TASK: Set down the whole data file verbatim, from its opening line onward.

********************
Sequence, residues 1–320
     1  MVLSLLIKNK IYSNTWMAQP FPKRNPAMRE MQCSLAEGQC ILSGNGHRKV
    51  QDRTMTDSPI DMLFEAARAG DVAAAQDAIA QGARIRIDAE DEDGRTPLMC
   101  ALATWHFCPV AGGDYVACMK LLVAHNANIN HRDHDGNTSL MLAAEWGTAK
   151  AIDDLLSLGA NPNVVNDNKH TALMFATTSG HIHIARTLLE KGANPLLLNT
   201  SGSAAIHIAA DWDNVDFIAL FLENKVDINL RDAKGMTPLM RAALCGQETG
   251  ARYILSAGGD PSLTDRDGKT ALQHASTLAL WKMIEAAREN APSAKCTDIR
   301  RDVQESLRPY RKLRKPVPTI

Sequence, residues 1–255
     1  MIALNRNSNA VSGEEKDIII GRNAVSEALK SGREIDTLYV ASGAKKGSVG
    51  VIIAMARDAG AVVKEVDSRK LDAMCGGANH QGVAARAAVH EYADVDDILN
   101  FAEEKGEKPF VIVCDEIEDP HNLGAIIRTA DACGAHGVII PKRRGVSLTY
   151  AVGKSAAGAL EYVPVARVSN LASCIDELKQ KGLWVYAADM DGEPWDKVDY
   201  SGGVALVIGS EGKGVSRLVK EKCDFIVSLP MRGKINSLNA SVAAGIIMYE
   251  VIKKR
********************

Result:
Sequence, residues 1–320
     1  MVLSLLIKNK IYSNTWMAQP FPKRNPAMRE MQCSLAEGQC ILSGNGHRKV
    51  QDRTMTDSPI DMLFEAARAG DVAAAQDAIA QGARIRIDAE DEDGRTPLMC
   101  ALATWHFCPV AGGDYVACMK LLVAHNANIN HRDHDGNTSL MLAAEWGTAK
   151  AIDDLLSLGA NPNVVNDNKH TALMFATTSG HIHIARTLLE KGANPLLLNT
   201  SGSAAIHIAA DWDNVDFIAL FLENKVDINL RDAKGMTPLM RAALCGQETG
   251  ARYILSAGGD PSLTDRDGKT ALQHASTLAL WKMIEAAREN APSAKCTDIR
   301  RDVQESLRPY RKLRKPVPTI

Sequence, residues 1–255
     1  MIALNRNSNA VSGEEKDIII GRNAVSEALK SGREIDTLYV ASGAKKGSVG
    51  VIIAMARDAG AVVKEVDSRK LDAMCGGANH QGVAARAAVH EYADVDDILN
   101  FAEEKGEKPF VIVCDEIEDP HNLGAIIRTA DACGAHGVII PKRRGVSLTY
   151  AVGKSAAGAL EYVPVARVSN LASCIDELKQ KGLWVYAADM DGEPWDKVDY
   201  SGGVALVIGS EGKGVSRLVK EKCDFIVSLP MRGKINSLNA SVAAGIIMYE
   251  VIKKR